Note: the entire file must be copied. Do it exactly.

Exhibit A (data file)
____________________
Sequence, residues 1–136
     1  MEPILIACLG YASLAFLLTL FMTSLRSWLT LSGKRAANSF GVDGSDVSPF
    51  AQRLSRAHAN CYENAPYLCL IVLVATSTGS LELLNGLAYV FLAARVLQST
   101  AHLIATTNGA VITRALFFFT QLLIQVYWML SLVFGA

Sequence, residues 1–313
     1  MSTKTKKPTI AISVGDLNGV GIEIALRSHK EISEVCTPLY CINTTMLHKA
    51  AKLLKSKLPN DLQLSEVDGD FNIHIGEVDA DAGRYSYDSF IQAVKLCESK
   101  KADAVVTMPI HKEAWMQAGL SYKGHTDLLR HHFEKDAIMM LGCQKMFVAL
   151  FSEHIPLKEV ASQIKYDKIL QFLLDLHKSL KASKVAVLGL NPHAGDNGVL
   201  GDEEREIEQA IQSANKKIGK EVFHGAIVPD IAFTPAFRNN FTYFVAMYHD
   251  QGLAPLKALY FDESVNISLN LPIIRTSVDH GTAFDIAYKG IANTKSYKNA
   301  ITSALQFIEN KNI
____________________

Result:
Sequence, residues 1–136
     1  MEPILIACLG YASLAFLLTL FMTSLRSWLT LSGKRAANSF GVDGSDVSPF
    51  AQRLSRAHAN CYENAPYLCL IVLVATSTGS LELLNGLAYV FLAARVLQST
   101  AHLIATTNGA VITRALFFFT QLLIQVYWML SLVFGA

Sequence, residues 1–313
     1  MSTKTKKPTI AISVGDLNGV GIEIALRSHK EISEVCTPLY CINTTMLHKA
    51  AKLLKSKLPN DLQLSEVDGD FNIHIGEVDA DAGRYSYDSF IQAVKLCESK
   101  KADAVVTMPI HKEAWMQAGL SYKGHTDLLR HHFEKDAIMM LGCQKMFVAL
   151  FSEHIPLKEV ASQIKYDKIL QFLLDLHKSL KASKVAVLGL NPHAGDNGVL
   201  GDEEREIEQA IQSANKKIGK EVFHGAIVPD IAFTPAFRNN FTYFVAMYHD
   251  QGLAPLKALY FDESVNISLN LPIIRTSVDH GTAFDIAYKG IANTKSYKNA
   301  ITSALQFIEN KNI